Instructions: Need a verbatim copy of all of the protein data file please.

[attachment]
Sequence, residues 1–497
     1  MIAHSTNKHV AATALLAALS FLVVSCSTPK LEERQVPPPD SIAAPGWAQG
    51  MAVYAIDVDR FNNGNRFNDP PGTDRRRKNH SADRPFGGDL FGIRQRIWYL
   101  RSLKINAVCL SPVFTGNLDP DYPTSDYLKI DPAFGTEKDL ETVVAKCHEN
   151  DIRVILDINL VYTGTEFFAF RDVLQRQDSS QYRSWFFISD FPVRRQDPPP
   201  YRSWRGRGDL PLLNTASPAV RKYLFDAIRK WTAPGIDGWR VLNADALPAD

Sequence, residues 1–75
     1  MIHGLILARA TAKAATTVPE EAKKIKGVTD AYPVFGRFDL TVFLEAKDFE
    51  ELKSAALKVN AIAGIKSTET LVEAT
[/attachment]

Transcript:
Sequence, residues 1–497
     1  MIAHSTNKHV AATALLAALS FLVVSCSTPK LEERQVPPPD SIAAPGWAQG
    51  MAVYAIDVDR FNNGNRFNDP PGTDRRRKNH SADRPFGGDL FGIRQRIWYL
   101  RSLKINAVCL SPVFTGNLDP DYPTSDYLKI DPAFGTEKDL ETVVAKCHEN
   151  DIRVILDINL VYTGTEFFAF RDVLQRQDSS QYRSWFFISD FPVRRQDPPP
   201  YRSWRGRGDL PLLNTASPAV RKYLFDAIRK WTAPGIDGWR VLNADALPAD

Sequence, residues 1–75
     1  MIHGLILARA TAKAATTVPE EAKKIKGVTD AYPVFGRFDL TVFLEAKDFE
    51  ELKSAALKVN AIAGIKSTET LVEAT